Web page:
Rubber Alpina rear spoiler restoration.

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Das_Prachtstrasse
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Rubber Alpina rear spoiler restoration.

Post by Das_Prachtstrasse »

G'day,

As mentioned in this thread, I picked up a rear Alpina spoiler off forum member Angus (opalgrunt) a few months ago and finally set about refinishing it. I should start by mentioning that I am by no means a professional. Anyone with a fundamental knowledge of filling, surface preparation and paint should be able to tackle this with ease.

Unfortunately, the majority of the photo's I took of the spoiler in it's initial condition have been lost as the phone they were taken on shat itself, however here are two I could find. I've purposefully included large photo's to give you an idea of the surface condition. This shows the top surface, in a section that was probably the least severe, however it still gives you an idea.

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These don't show the severity of the sun damage overly well, however the surface condition was raw, with severe surface pitting, pinholes and scarring. There was also evidence of previous repairs and attempted re-paints using products that were unsuitable for flexible rubber. My first step was to remove all of this.

Initially, I sanded the old paint and filler out using 240 dry, with no chemical preparation. The results were satisfactory, and this should be a step that hopefully isn't necessary for most of you, as old paint in pinholes, and low points is a PITA to remove without chemicals. My recommendation for a surface that isn't too severe would be to sand with 500, then 800 dry. I should also mention that there is a risk with severely damaged surfaces, of penetrating into the foam core with aggressive sanding, so be mindful of this and stop and check your work often. If you begin to notice pinholes opening in the sanded area, it's a sign your beginning to get close to the core. Having said that however, I was quite aggressive with my sanding, so play it by ear and be mindful. Your goal here is to basically remove the original layer of sealer and top rubber coat to reveal the softer, undamaged layers underneath.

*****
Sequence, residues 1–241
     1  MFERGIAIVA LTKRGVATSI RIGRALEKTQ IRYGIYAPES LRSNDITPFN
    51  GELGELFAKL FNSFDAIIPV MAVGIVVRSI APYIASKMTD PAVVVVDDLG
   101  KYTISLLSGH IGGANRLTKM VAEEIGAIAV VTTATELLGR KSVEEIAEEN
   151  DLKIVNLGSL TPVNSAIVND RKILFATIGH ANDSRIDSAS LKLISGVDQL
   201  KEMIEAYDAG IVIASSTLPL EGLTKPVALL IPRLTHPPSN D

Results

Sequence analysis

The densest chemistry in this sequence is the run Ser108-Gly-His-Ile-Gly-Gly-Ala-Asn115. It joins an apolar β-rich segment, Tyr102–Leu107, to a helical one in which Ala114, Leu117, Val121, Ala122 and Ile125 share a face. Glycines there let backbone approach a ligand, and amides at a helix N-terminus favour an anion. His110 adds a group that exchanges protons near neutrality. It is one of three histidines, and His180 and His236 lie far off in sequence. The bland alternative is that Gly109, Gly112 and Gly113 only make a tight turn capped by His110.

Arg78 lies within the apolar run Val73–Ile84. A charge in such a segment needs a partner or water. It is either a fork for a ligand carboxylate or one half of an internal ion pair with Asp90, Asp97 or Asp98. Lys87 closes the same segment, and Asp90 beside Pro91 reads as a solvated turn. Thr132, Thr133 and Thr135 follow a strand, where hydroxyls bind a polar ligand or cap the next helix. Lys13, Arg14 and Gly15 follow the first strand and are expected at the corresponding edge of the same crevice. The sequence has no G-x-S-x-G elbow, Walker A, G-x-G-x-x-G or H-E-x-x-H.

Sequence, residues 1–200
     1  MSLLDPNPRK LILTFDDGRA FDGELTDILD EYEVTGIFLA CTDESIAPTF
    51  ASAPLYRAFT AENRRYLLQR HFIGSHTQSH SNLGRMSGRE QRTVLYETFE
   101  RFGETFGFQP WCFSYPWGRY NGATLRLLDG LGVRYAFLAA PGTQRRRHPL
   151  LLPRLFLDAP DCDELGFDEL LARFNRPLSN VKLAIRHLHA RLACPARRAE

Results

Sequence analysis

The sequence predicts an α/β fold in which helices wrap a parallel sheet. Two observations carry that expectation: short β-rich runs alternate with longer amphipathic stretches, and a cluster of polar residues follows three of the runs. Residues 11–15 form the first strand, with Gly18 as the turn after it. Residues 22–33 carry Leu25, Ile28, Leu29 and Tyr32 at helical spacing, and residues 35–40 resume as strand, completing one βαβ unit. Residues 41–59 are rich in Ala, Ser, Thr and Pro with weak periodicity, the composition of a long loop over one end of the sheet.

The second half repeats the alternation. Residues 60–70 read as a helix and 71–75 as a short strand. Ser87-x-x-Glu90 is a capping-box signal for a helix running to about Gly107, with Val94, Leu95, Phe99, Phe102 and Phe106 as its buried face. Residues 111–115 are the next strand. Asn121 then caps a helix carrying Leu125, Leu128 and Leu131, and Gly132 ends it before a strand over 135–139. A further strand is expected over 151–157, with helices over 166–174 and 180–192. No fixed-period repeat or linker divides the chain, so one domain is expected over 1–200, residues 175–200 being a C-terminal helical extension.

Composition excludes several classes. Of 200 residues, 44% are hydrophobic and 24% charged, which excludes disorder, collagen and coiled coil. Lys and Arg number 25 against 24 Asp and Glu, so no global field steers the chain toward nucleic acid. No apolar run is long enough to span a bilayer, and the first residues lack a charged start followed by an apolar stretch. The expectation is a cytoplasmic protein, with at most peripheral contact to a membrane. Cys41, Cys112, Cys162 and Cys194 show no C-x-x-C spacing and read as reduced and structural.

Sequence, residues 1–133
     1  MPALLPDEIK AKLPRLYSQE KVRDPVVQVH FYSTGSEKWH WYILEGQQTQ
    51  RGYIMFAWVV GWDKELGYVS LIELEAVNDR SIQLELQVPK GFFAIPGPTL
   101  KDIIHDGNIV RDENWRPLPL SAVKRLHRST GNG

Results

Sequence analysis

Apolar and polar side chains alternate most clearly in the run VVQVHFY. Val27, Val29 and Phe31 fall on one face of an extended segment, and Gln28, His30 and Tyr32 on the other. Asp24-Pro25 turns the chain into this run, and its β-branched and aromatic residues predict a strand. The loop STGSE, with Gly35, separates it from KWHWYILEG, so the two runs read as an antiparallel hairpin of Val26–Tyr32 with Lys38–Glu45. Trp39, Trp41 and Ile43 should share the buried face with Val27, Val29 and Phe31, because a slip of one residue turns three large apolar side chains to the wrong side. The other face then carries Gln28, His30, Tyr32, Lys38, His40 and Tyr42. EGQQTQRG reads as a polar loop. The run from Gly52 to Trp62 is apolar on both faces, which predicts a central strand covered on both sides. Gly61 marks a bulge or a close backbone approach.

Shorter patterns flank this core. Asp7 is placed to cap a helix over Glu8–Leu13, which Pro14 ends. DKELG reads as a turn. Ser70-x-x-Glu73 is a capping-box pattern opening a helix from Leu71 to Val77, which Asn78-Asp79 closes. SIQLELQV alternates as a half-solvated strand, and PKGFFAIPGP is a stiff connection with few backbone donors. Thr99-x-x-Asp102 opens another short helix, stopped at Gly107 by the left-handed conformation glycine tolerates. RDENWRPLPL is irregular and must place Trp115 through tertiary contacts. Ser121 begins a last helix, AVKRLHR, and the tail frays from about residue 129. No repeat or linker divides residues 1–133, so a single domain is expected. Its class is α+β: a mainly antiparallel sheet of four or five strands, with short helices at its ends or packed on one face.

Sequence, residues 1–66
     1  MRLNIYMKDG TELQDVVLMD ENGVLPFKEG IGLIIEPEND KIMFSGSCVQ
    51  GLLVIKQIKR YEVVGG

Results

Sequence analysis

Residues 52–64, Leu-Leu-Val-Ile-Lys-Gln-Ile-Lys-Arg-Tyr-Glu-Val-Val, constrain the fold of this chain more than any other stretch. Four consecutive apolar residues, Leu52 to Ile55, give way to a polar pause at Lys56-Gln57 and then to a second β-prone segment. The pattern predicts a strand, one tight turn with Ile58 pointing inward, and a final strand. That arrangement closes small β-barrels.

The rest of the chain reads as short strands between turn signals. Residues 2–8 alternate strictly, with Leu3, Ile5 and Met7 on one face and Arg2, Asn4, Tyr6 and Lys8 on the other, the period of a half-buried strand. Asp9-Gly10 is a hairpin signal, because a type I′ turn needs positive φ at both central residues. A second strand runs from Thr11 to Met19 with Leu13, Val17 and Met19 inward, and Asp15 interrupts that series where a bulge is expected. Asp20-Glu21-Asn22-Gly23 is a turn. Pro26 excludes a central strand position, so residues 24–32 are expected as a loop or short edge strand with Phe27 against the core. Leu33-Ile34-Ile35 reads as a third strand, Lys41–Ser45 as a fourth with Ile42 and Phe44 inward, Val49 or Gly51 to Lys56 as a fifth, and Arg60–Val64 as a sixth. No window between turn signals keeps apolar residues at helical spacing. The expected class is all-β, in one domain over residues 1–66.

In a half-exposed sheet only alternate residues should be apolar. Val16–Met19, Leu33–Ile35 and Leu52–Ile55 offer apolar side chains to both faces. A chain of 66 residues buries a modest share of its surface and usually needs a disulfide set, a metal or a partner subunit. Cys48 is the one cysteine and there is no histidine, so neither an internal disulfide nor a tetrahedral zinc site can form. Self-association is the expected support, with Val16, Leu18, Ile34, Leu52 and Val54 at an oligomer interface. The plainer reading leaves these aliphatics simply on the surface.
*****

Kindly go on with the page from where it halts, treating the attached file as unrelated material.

I then applied the filler. After scouring the interwebs, I decided to go with Leatherique crack filler. Another fellow had used this to repair some minor pitting in an e24 rubber spoiler and his results were decent, so I contacted Leatherique, and ordered a 2oz container from their Australian distributor.

http://www.leatherique.com/

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I initially applied it liberally with a spatula, using the front edge to press the filler into the deepest of the pinholes and cracks. The raw surface soaked it up quite quickly. I then sanded using 240 followed with 500, and repeated the process 2 or 3 times with the spatula till the worst of it was filled.

First applied:
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Unfortunately again, I have no photo's after the first wave of sanding, but the worst of the pinholes and cracks had been filled quite well. There were still some larger low spots and shallow dips to be filled however. I poured half the container of filler remaining and applied with my fingers across the entire length of the top surface, and allowed it to dry quite thick. This ensured the rest of the imperfections were filled, before beginning the final preparation before painting.

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*Note that it is imperative you do not flex the rubber too much with the filler applied thick, as it will crack and you'll need to sand back and repeat. It would be a good idea to secure the spoiler on some stands throughout the entire process, as at one point over night the wind blew it off the table I'd had it resting on, and I had to re-fill and sand a few sections where the filler had cracked*

Beginning with 240, I worked my way up to 800 dry, and cleaned the surface well with water. Leatherique is water based, so be mindful to not let the water soak. I am sure there would be other chemical cleaners such as prepsol that could work, however I played it safe given the rubber surface is venerable to chemicals, so do your own research.